Tuesday, May 24, 2011

Trapping Pecan Nut Casebearer

    The pecan nut casebearer is a major nut feeding pest. Shortly after the pollination season casebearer moths lay eggs near the tip of young nutlets.  The larvae that hatch from these eggs crawl down to the base of a nut and start feeding. The insect chews its way into the center of the nut, hollowing out the inside. You can identify casebearer feeding by the light strands of webbing the caterpillar uses to fasten nuts to the stem (so the damaged nut doesn't fall off) and by the pile of frass at the base of the nut (photo above).
     Each spring, we monitor the activity of the insect by using pheromone and orchard surveys.This year, I've enlisted the help of several growers around the state of Kansas to follow this year's casebearer moth flight using pheromone traps.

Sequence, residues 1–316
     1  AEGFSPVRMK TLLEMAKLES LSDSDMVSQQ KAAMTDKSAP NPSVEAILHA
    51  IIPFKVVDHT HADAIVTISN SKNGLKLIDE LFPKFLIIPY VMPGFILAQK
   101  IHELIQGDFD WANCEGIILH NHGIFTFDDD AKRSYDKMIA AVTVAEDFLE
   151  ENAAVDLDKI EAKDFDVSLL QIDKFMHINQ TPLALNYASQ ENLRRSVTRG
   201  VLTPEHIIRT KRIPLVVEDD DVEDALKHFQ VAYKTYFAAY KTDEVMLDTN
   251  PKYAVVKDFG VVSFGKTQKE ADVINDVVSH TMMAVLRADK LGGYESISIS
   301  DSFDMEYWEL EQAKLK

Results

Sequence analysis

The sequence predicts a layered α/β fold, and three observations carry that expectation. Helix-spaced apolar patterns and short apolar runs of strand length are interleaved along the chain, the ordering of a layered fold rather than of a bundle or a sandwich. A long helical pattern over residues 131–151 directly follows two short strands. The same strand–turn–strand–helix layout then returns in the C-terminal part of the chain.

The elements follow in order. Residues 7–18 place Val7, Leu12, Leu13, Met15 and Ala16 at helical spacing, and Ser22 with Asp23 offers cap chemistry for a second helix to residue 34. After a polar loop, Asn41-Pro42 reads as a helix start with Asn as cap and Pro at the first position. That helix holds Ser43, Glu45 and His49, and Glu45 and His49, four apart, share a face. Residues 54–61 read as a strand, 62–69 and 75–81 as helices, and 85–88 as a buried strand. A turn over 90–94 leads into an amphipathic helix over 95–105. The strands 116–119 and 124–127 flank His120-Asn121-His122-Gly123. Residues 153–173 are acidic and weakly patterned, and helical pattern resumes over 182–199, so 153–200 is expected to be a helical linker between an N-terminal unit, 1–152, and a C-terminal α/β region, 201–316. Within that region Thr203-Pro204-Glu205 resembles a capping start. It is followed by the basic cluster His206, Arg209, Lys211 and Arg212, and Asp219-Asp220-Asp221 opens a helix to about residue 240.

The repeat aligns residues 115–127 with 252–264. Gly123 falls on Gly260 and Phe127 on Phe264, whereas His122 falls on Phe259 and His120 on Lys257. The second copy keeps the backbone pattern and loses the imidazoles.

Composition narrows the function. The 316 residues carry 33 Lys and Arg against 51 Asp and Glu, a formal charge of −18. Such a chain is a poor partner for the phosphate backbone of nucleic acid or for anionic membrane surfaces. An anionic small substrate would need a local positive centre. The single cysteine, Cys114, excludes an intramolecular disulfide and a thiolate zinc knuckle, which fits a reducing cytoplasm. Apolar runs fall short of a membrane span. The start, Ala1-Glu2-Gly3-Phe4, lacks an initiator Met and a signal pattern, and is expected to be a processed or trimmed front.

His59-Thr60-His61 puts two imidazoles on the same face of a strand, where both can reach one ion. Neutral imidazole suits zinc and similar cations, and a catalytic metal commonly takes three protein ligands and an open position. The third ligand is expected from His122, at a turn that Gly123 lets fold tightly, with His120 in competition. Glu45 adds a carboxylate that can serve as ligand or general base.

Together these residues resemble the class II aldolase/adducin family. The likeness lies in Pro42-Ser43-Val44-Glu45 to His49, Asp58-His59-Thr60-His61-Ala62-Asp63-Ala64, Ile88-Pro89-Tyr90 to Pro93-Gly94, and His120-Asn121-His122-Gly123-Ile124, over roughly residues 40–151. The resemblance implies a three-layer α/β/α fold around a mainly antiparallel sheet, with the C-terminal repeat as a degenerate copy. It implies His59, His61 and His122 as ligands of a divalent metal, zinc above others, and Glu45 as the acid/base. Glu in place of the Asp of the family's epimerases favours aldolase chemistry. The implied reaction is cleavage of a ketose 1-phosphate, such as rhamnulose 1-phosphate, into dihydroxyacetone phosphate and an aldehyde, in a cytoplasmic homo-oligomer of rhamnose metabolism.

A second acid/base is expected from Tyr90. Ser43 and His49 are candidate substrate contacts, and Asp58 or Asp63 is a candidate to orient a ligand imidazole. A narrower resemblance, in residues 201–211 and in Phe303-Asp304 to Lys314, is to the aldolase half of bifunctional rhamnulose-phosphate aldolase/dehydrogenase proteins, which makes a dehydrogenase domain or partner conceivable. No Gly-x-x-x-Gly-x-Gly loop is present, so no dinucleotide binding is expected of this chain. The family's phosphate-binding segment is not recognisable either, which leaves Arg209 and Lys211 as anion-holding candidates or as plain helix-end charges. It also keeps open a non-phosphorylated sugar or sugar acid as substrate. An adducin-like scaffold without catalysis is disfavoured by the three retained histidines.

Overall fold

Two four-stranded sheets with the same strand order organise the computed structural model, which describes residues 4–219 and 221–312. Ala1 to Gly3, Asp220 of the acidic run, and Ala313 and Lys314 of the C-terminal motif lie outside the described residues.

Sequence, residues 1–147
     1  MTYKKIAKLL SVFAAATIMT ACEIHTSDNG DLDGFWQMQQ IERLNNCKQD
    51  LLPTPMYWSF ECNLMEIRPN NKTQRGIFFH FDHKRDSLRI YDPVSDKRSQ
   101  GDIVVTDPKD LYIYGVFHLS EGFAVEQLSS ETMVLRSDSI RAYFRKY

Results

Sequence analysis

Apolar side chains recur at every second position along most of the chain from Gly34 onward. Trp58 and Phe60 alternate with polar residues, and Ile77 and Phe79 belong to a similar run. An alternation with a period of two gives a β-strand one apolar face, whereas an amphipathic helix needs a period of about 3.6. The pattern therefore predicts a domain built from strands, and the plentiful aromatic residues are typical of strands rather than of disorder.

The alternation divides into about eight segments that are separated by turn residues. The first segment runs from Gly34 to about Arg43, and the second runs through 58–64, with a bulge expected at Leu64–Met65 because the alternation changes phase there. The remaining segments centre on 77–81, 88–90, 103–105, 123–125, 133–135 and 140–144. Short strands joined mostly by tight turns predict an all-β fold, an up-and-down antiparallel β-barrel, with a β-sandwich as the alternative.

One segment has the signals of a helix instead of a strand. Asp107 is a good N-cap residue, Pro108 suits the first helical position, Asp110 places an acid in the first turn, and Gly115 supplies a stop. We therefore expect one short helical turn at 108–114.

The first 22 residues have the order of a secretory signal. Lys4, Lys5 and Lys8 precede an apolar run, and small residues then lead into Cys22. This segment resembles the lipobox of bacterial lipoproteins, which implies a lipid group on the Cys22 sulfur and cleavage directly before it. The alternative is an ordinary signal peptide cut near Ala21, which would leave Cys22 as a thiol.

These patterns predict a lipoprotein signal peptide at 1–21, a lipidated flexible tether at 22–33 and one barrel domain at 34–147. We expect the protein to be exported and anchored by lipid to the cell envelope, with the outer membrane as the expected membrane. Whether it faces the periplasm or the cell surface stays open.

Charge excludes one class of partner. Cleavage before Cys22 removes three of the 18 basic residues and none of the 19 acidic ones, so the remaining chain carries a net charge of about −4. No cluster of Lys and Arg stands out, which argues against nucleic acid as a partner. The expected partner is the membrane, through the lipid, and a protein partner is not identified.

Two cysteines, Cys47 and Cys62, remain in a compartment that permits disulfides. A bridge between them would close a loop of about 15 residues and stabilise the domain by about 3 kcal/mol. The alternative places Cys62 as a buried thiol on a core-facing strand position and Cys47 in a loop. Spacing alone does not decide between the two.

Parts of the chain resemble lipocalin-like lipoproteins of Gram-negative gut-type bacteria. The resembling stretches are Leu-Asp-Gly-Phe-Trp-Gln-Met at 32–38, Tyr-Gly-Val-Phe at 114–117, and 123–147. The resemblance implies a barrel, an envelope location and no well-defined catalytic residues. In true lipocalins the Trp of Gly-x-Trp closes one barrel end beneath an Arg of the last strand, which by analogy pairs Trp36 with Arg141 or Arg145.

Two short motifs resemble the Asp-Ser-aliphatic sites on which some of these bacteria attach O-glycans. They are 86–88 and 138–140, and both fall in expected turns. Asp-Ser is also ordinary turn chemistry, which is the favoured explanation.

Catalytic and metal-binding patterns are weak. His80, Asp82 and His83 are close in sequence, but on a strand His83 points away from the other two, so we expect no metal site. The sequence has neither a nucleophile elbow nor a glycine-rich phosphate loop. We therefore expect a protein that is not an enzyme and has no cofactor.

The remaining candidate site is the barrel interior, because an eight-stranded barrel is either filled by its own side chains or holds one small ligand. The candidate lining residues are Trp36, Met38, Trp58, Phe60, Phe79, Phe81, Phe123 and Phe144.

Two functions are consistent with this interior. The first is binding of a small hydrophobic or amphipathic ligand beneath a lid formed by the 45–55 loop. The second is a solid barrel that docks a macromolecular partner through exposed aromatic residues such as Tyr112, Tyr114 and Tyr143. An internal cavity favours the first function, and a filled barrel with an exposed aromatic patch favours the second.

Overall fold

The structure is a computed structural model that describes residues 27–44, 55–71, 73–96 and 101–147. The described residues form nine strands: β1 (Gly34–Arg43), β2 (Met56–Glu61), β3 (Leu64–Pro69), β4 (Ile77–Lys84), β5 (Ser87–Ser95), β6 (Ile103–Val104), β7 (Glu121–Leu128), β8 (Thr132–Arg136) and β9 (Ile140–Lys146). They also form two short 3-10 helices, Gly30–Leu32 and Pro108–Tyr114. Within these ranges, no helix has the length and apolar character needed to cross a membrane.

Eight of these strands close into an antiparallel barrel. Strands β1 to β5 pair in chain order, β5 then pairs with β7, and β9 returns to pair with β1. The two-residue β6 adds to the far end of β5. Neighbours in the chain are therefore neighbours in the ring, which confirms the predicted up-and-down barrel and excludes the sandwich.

Pheromone traps are easy to use as long as you can identify the target insect.  In the photo at left, two male casebearer moths have become stuck in a trap. The moths are grey, about 3/8 inch long, and feature a prominent ridge of scales across their wings. You can see other insects caught in the trap and even a fallen catkin, but casebearer moths will be the only insect that have a ridge across their backs.
    The spring 2011 flight has begun in the southern most areas of Kansas as of May 20.